Route highlights?Swiss Alps, Lake Constance, Rhein falls, Basel, Strasbourg, Rheingau wine region, Rüdesheim, Rhine gorge, Loreley rock, Bonn, Cologne, Kinderdijk windmills, Rotterdam
Why do this route?The Rhine is rightly one of the world’s greatest rivers and one of the most visited by tourists. Many travel by boat, disembarking only at tourist honey-pots and eating international food on-board. By cycling the length of the river you will have a completely different perspective, passing through smaller towns, meeting local people and eating local food.

Rhine Cycle Route: Background

In the guidebook the English spelling of Rhine is used, except for in proper nouns such as Rheinquelle, Canal du Rhône au Rhin, Neder Rijn, where the appropriate national spelling is used. On the maps, Rhein is used in German-speaking areas, Rhin in France and Rijn in the Netherlands.

Geographically the Rhine has six distinct sections:

  • Alpenrhein (Alpine Rhine) is the combination of the Vorderrhein and Hinterrhein tributaries that flow rapidly down the north side of the Alps, along deep glacial valleys, into Bodensee.
  • Hochrhein (Higher Rhine) continues descending through broad wooded gorges providing the border between Switzerland and Baden-Württemberg (Germany) from Bodensee to Basel.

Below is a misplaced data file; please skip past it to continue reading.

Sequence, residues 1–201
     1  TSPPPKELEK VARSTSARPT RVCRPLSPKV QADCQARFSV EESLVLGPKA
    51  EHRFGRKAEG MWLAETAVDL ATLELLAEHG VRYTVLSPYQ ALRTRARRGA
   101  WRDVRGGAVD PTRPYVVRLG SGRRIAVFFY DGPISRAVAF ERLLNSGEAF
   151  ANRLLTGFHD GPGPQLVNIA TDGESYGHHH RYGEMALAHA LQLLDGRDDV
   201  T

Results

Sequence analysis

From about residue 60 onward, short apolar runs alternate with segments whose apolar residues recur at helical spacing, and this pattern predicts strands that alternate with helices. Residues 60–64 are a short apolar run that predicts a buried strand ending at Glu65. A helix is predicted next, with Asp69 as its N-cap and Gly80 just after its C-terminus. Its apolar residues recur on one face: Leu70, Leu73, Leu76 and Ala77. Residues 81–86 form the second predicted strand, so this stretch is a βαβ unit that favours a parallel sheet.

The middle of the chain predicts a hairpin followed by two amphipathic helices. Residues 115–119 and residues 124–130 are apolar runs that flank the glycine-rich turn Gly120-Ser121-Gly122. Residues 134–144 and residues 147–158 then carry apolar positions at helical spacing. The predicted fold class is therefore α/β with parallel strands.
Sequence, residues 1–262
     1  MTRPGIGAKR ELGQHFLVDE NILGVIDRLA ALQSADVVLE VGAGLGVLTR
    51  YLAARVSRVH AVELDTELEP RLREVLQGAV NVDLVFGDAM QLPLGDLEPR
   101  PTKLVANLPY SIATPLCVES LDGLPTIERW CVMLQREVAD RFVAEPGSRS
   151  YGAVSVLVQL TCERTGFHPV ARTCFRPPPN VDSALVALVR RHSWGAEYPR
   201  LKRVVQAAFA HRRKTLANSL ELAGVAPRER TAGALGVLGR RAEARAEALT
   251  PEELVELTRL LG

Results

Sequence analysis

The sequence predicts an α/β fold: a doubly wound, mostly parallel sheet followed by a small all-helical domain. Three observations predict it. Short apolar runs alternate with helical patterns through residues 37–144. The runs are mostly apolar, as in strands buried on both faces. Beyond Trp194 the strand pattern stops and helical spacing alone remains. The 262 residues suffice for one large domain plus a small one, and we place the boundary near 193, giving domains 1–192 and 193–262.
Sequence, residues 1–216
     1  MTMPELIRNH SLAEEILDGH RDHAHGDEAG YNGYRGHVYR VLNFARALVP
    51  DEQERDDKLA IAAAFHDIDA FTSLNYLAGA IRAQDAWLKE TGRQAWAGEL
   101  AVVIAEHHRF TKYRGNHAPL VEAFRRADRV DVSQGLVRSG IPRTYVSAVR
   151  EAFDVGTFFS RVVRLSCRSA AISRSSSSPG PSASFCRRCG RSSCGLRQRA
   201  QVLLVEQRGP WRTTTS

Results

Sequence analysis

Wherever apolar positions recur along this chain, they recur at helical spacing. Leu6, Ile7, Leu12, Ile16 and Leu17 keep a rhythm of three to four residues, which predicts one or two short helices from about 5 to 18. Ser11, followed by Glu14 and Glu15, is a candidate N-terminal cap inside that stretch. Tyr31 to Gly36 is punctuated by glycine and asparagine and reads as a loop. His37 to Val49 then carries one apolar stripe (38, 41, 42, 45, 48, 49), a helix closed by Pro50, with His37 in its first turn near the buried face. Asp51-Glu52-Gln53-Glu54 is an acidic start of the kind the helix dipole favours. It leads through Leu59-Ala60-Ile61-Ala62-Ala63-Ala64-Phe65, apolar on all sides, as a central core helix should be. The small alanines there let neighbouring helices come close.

• Oberrhein (Upper Rhine) meanders north from Basel across a broad plain, between the Vosges mountains in French Alsace and the German Black Forest, as far as Mainz.
  • Mittelrhein (Middle Rhine) is a picturesque stretch from Mainz to Bonn, where the river has cut the Rhine Gorge between the Hunsrück/Eifel mountains (west) and the Taunus/Siebengebirge ranges (east).
  • Niederrhein (Lower Rhine) crosses the North German Plain from Bonn to the Dutch border.
  • Delta Rijn (Rhine Delta) is the Dutch part of the river, which divides into five different arms to reach the North Sea.

However, the Rhine is more than just a river. Flowing through the heart of Western Europe, it has significance far beyond its relatively modest 1232km length. It can be described as four rivers in one. Firstly it functions as an important national border; secondly it is the source of many of the myths and legends central to European culture; thirdly it is a great commercial artery and location for industry; and fourthly it has a magnetic attraction to tourists and pursuers of leisure activities.